Another striking art project that works to redefine the uses of maps and representations of space is Paula Levine’s San Francisco ßà Baghdad, which is part of her series Shadows from Another Place (see Figure 2.4). This project overlays a map of the city of Baghdad onto a map of San Francisco and, at each place where a bombing occurred in Baghdad, Levine maps corresponding points onto coordinates in San Francisco. Once these corresponding nodes have been created, Levine places a geocache container at each location. Her goal, one that resonates throughout her work as a whole, is to make the foreign something that is familiar. She writes, “Collapsing ‘foreign’ and ‘domestic’, these maps bridge local and global, and allow walkers/viewers to experience spatial and narrative contiguity between separate and distant locations.” This interplay between maps is drawn from the work in psychogeography by the Situationist International (SI), especially in the work of Guy Debord. Debord would encourage a wandering throughout the city (or, derive), in which a wanderer would use a map from one city as the guide for another. The disjunction between the two would “contribute to clarifying certain wanderings that express not subordination to randomness but total insubordination to habitual influences.” Debord continues: “A friend recently told me that he had just wandered through the Harz region of Germany while blindly following the directions of a map of London. This sort of game is obviously only a feeble beginning in comparison to the complete creation of architecture and urbanism that will someday be within the power of everyone.” This reimagining of the relationship between wandering the city and the representation of the city space allowed for new embodied relationships to form between the wanderer and the urban landscape. As Mary Flanagan notes, “One of the significant intentions behind psychogeography, as Debord described it, was to be mindful of space in the method’s open-ended, deliberately vague mission of encouraging people to explore their environment, usually the streets of the city.” This mindfulness serves as a resistance for the inscriptions written into urban planning and design. Instead of following predetermined paths, which create predetermined relationships as prescribed bodies in space, the work of psychogeography seeks to find strategies to reimagine our relationship to urban space.
Figure 2.4: The map of Paula Levine’s San Francisco ßà Baghdad project, showing the overlay of Baghdad on to San Francisco. The dots are the locations of bombing sites in Baghdad. At these sites, Levine placed a geocacher container with a list of military personnel who had been killed in the war. © 2010, Paula Levine, http://shadowsfromanotherplace.net.
Levine’s San Francisco ßà Baghdad project, while offering a new mindfulness of the city, simultaneously subverts the militaristic foundations of GPS. By using a tool created by the United States military to critique the military, Levine’s work allows participants to reimagine the uses of mobile and locative technologies and the ways we understand our representations of place. By mapping the city of Baghdad onto San Francisco using a mobile device, people engage the tension between embodied space and the tools used to signify place. Engaging this project also forces users to participate in an embodied way with the historical conflict between maps and empire. Here, subverting the map by using the very technologies designed by the power structures that typically draw the map, the grounded nature of the map as a static signifier comes into question. As Matthew Edney has argued in Mapping an Empire, “Imperialism and mapmaking intersect in the most basic manner. Both are fundamentally concerned with territory and knowledge.” He continues by noting that the “maps came to define the empire itself, to give it territorial integrity and its basic existence. The empire exists because it can be mapped, the meaning of empire is inscribed into each map.” In Levine’s project, the map critiques the imperial agendas of the war in Iraq instead of reinforcing the power structures behind the map.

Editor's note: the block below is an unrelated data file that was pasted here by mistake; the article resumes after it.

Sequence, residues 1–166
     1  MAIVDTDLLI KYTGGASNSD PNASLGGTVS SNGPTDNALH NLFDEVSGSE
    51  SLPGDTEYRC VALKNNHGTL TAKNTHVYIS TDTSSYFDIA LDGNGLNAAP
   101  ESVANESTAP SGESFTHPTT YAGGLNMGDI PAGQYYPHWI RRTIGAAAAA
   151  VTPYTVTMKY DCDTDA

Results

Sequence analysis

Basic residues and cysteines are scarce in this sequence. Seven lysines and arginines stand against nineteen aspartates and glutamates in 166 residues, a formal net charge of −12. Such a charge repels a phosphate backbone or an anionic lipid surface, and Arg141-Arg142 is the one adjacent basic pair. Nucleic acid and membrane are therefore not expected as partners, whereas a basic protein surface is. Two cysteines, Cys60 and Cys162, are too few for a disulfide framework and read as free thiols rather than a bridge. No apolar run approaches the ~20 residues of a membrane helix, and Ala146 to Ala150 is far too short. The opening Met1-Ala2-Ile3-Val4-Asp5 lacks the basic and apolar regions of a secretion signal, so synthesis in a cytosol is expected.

As seen in projects like San Francisco ßà Baghdad, Biomapping, and Amsterdam Realtime, there are obvious correlations between representations of space and power structures. Maps are not simply representations of ontological reality; instead, they signify space in a very particular way that is designed to be read to fit with the current cultural hegemony. With mobile technologies, the ways that space is represented is a practice of lived space. The movement through space and the collaboration between material environment and representations of that environment inform an embodied meaning of space.
What these projects also demonstrate is that our experience of space is inherently tied to intersubjective modes of embodiment. Space is not only an individually lived experience, but is always produced as a social experience. The sensory-inscribed body is developed out a reciprocity that embodies the self as spatially related to others and also as inscribed as a particular body by others (as the self also inscribes the spaces and bodies around him or her). In fact, many of these spatial visualizations only find their true nexus when used by a community for a collective revisioning of lived space. Thus, there is a need for mobile mapping projects to move beyond the individual-centered design and begin to imagine the space of the mobile interface as a site for collaboration. Liqiu Meng, for instance, argues that, “In mobile usage context, however, a geocentric map can hardly remain usable due to the following reasons: What a large target group needs is often much more than what is necessary for an individual user.” To streamline the design and usability of a mobile map, it seems, it must be tailored for the individual. Again, such an approach prioritizes the mobile interface as designed for an individual and not as a community space. While this is understandable given the size and common usages of the mobile interface, such a statement overlooks the important ways that mobile devices and mobile maps can engage a community and become a space of dialog.